Understanding Virtual Desktops for the Remote Workforce
Published August 26, 2020
Good afternoon, and welcome to Insight TechTalk.
My name is John Dathan,
and I have the privilege to lead insight Canada.
And joining me today is Darren Lloyd.
Darren came to us through the acquisition of PCM,
as vice president of our professional services organization.
Thanks John, glad to be here.
Yeah, I'm going to take a little bit of time today.
We've had so much energy in the marketplace
around Windows Virtual Desktop,
and Microsoft is asking us to help out clients.
We've done more of their work,
than any other partner in Canada,
but I actually believe
that people aren't as familiar with it.
They sort of nod and say,
"Oh yeah, WVD, Windows Virtual Desktop."
I want us to take some time today and really explore that.
So maybe just at a high level, what is WVB?
Yeah, so Windows Virtual Desktop,
is really Microsoft's fully managed,
desktop virtualization solution in the cloud.
So it runs in Azure and really you can think of it
like the cloud evolution of remote desktop services
and without all of the
infrastructure management requirements.
And so it offers full featured native client support
for Windows, Mac, iOS, and Android.
And you can also access it pretty much from any browser
because it's got a HTML5 support built in.
And so it's sort of like the cloud evolution
of Microsoft's remote desktop services platform.
So why do people want to deploy VDI?
Is that more important now than ever, or?
I mean, it's been around for a while
and there's always been a use case for VDI.
Primarily, organizations are attracted to VDI
because it enables them
to sort of centrally manage all of their desktops
in the data center.
So they're running a bunch of VMs on a server
or a server farm rather than managing a whole bunch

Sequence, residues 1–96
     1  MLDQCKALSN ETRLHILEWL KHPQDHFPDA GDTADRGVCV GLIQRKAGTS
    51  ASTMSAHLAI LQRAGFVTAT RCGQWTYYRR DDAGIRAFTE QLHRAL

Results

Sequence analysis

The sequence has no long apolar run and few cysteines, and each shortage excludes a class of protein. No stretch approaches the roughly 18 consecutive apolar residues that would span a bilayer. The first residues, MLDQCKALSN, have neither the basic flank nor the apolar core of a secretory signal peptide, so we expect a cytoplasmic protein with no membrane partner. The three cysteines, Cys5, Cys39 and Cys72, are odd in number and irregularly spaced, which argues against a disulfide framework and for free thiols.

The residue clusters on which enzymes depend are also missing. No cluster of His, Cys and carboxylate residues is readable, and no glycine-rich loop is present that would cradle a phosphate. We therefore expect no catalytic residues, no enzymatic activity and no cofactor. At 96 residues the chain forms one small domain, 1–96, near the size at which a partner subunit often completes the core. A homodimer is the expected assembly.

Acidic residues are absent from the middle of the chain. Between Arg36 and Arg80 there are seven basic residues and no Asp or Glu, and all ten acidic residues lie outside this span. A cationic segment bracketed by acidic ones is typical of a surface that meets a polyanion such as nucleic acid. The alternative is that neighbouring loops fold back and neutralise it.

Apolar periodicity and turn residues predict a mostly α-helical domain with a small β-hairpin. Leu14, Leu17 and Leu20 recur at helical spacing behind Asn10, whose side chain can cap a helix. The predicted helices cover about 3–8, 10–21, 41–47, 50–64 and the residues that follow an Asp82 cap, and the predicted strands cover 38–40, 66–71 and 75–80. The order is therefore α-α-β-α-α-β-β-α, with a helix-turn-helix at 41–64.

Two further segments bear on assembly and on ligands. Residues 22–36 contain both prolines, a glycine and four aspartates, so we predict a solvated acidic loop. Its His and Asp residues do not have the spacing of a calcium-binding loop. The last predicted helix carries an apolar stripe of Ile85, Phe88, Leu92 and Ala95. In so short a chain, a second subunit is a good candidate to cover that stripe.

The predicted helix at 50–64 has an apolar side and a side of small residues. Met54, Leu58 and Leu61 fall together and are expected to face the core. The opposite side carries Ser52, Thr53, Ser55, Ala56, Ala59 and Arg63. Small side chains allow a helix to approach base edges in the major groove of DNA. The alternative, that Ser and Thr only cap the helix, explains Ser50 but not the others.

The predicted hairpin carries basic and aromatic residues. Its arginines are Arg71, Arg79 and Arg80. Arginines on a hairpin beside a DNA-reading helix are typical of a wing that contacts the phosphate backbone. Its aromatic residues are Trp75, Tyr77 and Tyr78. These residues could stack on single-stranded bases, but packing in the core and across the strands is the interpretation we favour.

of disparate spread out in individual endpoints.
So that's one, benefit.
The other one is to keep the operating system,
the data and the apps separate from the end device.
So to create a bit of a security barrier,
to protect the data leakage and maybe corporate information
going on to a personal device.
And then the other big one honestly,
is when you have applications
that need to be close to the server backend
or the database or whatever,
and you wanna enable remote work for your users,
but they need to kind of be running those apps
right next to the server itself.
And so by running the desktops in the data center,
right in proximity to those services,
you can give a better end user experience.
Okay, so you mentioned being in the cloud
a couple of times and more traditional VDI,
we think of as being in your own data center.
So what are the challenges we're having
in that traditional way that this solves?
Yeah, I mean, there's actually a number of challenges
with that architecture, because first of all,
you have to stand up a fairly complex infrastructure
of load balancers and gateway servers and brokers,
and then the whole VDI, VM farm,
you've got to have a way
for users to securely log into that infrastructure.
And so you have to have web services and portals,
and really those projects.
I've been a part of some of those projects in the past.
And they end up becoming very time consuming,
very costly, very complex.
And then the ongoing management
of maintaining and upgrading those environments
can be a huge burden for organizations.
So you’re really leveraging the full IIS
from the public cloud and not having to build it
specifically around one application, such as VDI.
Well, actually even better than that.
So what Windows Virtual Desktop does,
is it takes all of that infrastructure that I mentioned
the brokers and the gateways and the load balancers